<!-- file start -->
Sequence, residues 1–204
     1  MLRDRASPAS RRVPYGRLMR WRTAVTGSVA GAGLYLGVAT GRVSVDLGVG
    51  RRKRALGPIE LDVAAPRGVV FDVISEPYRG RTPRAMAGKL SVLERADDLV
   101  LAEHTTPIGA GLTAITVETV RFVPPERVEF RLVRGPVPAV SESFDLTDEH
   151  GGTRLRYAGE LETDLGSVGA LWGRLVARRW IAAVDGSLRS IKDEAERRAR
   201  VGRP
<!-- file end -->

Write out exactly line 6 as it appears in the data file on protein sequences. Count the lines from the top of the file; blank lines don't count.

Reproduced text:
   201  VGRP